Maybe Garrison Keillor is better heard but not seen. Certainly some of the humor was laugh out loud funny, such as clueless detective Guy Noir mentioning that he had a grilled cheese sandwich with a bean chaser, or the cheerfully tasteless jokes exchanged by Dusty and Lefty. As much as I like Virginia Madsen, I kept wondering if her "Angel of Death" character was inspired by Tony Kushner, "Angels in Minnesota" as it were.

What worked best could be seen in the dressing room of the Johnson Sisters, played by Streep and Lily Tomlin. The surviving pair of a quartet similar to the Carter Family, but as one of the sisters puts it, "less famous", their dressing room is decorated with dozens of photographs of family members. One of the subplots involves Streep hoping to extend the family tradition through her daughter, played by Lohan. A Prairie Home Companion as a radio show and film runs counter to contemporary culture with its themes about tradition and family. Much of the music is country "gospel songs" and it is a given that everyone is familiar with "Amazing Grace". While the characters may be Christian as evinced by their song choices, there is a generosity of spirit that also allows for self-exploration, doubts and room for humor in various manifestations. At a time when being an "American" seems to be so rigidly defined, A Prairie Home Companion is a small reminder that one can siltaneously be a person of faith and an unrepentant goofball.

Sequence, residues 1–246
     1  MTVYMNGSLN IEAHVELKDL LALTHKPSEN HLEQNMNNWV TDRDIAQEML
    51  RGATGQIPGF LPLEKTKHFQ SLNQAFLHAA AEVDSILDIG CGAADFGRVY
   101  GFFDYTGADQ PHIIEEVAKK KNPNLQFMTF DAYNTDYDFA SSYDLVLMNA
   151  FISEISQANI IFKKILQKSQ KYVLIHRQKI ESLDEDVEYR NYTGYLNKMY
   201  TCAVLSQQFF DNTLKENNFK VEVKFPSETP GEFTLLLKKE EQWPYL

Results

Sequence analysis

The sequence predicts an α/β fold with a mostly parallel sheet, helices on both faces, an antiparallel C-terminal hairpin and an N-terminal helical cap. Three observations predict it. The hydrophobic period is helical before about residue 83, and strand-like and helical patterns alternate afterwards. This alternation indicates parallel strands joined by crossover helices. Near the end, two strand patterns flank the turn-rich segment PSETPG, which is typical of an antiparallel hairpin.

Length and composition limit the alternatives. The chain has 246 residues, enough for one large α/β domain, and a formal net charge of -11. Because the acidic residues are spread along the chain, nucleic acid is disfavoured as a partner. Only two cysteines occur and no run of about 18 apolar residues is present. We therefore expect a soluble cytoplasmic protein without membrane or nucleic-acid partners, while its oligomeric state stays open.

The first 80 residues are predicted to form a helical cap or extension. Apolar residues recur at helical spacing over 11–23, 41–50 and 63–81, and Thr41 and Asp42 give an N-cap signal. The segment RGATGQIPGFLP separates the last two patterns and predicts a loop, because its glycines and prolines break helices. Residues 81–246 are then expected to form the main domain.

Posted by peter at 12:06 PM

June 11, 2006

Fong Sai-Yuk

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Fong Sai-Yuk
Corey Yuen Kwai - 1993
Universe Laser & Video Region 0 DVD

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Fong Sai-Yuk II
Corey Yuen Kwai - 1993
Universe Laser & Video Region 0 DVD

I've seen both of these films on cable. Like virtually every martial arts film they've got their hands on, the Weinstein Brothers cut and dubbed the two Fong Sai-Yuk films, retitled as The Legend. While the alterations for American audiences wasn't significant to either film, it was still nice to see both as originally intended by Jet Li and Corey Yuen. The first of this two part series was the first collaboration between Li and Yuen, capitalizing not only on Li's martial abilities, but also his comic charm and balletic grace.